The ideal serving temperature is between 4°— 5°C. Beer tastes best in glasses made for beer alone. That’s because milk, tea, coffee, and even the soap used to clean the glasses, leaves a residue that diminishes a beer’s head.
There should be at least two fingers of foam when finished pouring a beer into a glass. All brewmasters agree that beer head is desirable. The head holds the flavor of the beer in the glass, ensuring a fuller taste and a smoother more drinkable beer.
When pouring a beer from a bottle or can into a glass vessel, hold the glass upright on the table and allow the beer to splash down the center of the glass. If the head is building up too quickly, decrease the flow and let it slide down the side of the glass. If the head is not growing fast enough, turn the bottle or can perpendicular over the glass and allow the remainder of the beer to splash down and froth around.
Beer glasses should only be used for beer. Do not serve beer in glasses that have been used for milk, tea, coffee, soda, or any other liquid. Otherwise there will be fat residue on the inside of the glass that will kill the beer head.
Always serve beer in a wet glass. If the glass is dry it will have picked up some dust or other foreign matter that cannot be seen. Rinse the glass in pure, cold water and shake out excess before pouring the beer.
Never wash a beer glass with soap. The fat from soap leaves invisible traces on the glass, no matter how much it is cleaned and rinsed. This will diminish the beer head.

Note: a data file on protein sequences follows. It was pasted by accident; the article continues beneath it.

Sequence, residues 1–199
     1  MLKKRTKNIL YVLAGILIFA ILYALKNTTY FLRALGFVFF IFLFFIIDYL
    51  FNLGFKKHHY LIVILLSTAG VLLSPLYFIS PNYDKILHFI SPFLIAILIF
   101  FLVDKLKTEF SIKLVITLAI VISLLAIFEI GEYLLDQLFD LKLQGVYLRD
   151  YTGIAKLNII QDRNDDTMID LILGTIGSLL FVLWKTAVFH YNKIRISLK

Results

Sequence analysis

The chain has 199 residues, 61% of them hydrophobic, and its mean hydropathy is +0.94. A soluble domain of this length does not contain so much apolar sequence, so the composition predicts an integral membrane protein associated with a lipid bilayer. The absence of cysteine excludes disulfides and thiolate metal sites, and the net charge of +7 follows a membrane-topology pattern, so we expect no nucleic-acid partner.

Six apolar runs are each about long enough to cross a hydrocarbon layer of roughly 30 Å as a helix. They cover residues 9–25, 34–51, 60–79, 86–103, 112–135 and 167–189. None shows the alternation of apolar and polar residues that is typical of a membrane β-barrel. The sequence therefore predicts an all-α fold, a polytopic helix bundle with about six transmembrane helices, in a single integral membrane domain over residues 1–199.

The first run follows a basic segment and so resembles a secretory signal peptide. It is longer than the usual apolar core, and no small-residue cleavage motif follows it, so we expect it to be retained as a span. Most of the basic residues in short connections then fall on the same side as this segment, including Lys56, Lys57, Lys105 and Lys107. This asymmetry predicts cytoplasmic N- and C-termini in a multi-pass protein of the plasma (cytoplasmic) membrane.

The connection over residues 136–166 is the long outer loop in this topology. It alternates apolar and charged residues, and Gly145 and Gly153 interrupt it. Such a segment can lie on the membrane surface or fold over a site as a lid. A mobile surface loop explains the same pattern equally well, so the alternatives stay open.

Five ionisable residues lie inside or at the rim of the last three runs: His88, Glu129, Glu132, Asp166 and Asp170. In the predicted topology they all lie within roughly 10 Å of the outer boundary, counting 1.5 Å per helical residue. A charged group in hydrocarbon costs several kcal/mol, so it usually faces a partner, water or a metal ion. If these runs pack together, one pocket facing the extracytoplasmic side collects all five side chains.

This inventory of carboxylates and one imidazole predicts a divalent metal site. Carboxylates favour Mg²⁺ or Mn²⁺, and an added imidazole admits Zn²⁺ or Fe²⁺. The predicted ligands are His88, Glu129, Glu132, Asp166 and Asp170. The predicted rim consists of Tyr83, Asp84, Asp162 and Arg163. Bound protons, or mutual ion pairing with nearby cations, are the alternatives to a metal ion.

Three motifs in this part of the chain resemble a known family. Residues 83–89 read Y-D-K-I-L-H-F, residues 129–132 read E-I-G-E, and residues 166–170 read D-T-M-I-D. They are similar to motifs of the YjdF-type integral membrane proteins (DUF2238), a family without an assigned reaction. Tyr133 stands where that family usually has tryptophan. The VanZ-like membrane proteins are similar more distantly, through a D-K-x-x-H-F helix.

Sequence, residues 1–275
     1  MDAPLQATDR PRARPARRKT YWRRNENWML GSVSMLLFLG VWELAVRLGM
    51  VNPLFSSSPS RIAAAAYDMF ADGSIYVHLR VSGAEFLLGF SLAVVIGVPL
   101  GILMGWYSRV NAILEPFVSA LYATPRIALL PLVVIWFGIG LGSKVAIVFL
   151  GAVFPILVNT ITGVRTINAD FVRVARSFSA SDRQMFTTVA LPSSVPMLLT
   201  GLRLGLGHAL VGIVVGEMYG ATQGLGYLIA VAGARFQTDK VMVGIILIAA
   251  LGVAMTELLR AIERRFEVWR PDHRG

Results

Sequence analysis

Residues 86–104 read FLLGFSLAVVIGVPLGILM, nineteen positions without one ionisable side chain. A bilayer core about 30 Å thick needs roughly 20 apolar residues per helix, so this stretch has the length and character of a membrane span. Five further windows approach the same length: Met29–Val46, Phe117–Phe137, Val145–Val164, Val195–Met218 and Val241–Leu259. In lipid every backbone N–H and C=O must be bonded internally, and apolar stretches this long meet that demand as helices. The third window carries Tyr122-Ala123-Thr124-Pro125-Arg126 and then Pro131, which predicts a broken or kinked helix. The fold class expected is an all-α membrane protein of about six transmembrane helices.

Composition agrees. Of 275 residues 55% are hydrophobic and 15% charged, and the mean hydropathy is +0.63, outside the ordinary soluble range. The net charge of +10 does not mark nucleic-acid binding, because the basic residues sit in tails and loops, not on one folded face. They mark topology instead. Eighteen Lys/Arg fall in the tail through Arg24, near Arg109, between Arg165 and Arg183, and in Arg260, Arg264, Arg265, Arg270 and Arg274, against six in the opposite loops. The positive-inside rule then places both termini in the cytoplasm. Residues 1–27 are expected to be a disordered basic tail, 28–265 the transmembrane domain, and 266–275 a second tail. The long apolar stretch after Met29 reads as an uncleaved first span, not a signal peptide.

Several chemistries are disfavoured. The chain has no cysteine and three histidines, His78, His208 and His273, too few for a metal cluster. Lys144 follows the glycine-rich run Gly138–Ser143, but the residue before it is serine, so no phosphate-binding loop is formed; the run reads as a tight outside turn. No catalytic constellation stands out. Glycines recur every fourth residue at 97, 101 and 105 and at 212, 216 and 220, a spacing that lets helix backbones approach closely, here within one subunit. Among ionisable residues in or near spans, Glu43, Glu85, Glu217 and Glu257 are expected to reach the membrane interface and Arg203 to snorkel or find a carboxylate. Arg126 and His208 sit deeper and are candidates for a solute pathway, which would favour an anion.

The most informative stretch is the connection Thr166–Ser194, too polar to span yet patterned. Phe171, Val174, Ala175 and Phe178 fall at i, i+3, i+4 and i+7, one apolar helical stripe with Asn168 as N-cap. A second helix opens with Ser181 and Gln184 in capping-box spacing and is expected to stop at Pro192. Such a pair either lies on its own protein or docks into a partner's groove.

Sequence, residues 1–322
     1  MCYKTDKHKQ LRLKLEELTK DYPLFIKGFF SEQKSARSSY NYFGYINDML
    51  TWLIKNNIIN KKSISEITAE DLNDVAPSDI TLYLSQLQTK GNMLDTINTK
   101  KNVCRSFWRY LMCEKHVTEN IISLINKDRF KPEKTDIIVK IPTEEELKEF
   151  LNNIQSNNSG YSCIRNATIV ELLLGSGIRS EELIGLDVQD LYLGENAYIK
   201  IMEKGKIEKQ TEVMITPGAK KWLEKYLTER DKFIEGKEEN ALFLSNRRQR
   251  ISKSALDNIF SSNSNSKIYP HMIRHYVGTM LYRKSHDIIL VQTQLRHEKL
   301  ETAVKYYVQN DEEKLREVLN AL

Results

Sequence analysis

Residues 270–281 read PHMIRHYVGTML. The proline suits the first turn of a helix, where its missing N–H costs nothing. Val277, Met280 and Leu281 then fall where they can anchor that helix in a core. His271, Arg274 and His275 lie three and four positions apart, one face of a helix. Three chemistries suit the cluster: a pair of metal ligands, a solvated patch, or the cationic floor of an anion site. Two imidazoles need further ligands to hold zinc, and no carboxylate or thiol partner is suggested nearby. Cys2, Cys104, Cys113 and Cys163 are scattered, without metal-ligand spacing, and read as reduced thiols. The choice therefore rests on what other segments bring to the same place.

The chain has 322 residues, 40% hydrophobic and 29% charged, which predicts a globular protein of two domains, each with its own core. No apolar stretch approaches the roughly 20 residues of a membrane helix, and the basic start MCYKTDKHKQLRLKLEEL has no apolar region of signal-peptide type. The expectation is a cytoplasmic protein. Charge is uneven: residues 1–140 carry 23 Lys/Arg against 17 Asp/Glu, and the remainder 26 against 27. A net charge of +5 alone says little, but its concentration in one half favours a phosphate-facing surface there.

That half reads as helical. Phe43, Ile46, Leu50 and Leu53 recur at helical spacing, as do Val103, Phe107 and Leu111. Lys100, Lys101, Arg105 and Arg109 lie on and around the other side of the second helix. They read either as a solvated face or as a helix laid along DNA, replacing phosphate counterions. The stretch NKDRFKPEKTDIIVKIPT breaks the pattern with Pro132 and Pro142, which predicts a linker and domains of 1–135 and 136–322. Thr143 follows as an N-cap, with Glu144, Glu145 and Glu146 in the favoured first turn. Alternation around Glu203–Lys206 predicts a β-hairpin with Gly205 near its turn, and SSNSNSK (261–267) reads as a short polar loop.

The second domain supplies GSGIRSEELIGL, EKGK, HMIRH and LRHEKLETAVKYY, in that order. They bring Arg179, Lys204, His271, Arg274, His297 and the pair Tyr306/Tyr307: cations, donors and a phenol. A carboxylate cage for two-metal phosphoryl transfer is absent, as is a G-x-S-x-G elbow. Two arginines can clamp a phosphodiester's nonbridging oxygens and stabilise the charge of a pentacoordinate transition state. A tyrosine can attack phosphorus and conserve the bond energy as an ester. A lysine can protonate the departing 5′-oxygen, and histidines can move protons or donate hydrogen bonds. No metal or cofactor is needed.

Never dry a beer glass. No matter how carefully and thoroughly the drying is done, lint and other foreign particles will adhere to the inside of the glass. Instead of drying the glass, rinse it in cold water, turn it upside down and let the water drain out.
Start with the glass at roughly a 45-degree angle and slowly begin to pour steadily along the inside of the glass so head doesn’t build to quickly.
Regardless of glass, whether it’s a pint tumbler or a stemmed tulip glass, start at a 45-degree angle and pour slow and steadly.
Belgian bartenders may wet the glass to help control the head when pouring these lively, highly-carbonated beers. Whether filtered or unfiltered, pour gently along the side of the glass at first.
Unlike other beers, it’s considered acceptable, if not encouraged, to pour stout or porter in two separate pours. Start out slow and let the head develop at its own pace.